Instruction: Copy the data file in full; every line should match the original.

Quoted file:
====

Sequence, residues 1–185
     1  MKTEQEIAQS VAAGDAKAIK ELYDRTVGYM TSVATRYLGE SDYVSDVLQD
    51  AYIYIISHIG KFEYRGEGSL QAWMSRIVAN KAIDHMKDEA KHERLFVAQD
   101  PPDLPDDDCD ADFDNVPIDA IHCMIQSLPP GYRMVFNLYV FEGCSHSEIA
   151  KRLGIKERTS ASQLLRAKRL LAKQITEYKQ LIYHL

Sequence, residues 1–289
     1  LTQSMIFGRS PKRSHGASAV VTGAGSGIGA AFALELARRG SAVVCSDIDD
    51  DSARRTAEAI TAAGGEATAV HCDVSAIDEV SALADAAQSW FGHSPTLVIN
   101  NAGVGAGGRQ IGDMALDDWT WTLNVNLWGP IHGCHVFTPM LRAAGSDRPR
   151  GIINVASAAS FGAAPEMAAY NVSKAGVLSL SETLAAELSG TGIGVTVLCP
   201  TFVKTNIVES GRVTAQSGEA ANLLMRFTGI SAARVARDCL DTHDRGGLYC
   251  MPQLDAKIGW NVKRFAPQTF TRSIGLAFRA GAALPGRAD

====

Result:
Sequence, residues 1–185
     1  MKTEQEIAQS VAAGDAKAIK ELYDRTVGYM TSVATRYLGE SDYVSDVLQD
    51  AYIYIISHIG KFEYRGEGSL QAWMSRIVAN KAIDHMKDEA KHERLFVAQD
   101  PPDLPDDDCD ADFDNVPIDA IHCMIQSLPP GYRMVFNLYV FEGCSHSEIA
   151  KRLGIKERTS ASQLLRAKRL LAKQITEYKQ LIYHL

Sequence, residues 1–289
     1  LTQSMIFGRS PKRSHGASAV VTGAGSGIGA AFALELARRG SAVVCSDIDD
    51  DSARRTAEAI TAAGGEATAV HCDVSAIDEV SALADAAQSW FGHSPTLVIN
   101  NAGVGAGGRQ IGDMALDDWT WTLNVNLWGP IHGCHVFTPM LRAAGSDRPR
   151  GIINVASAAS FGAAPEMAAY NVSKAGVLSL SETLAAELSG TGIGVTVLCP
   201  TFVKTNIVES GRVTAQSGEA ANLLMRFTGI SAARVARDCL DTHDRGGLYC
   251  MPQLDAKIGW NVKRFAPQTF TRSIGLAFRA GAALPGRAD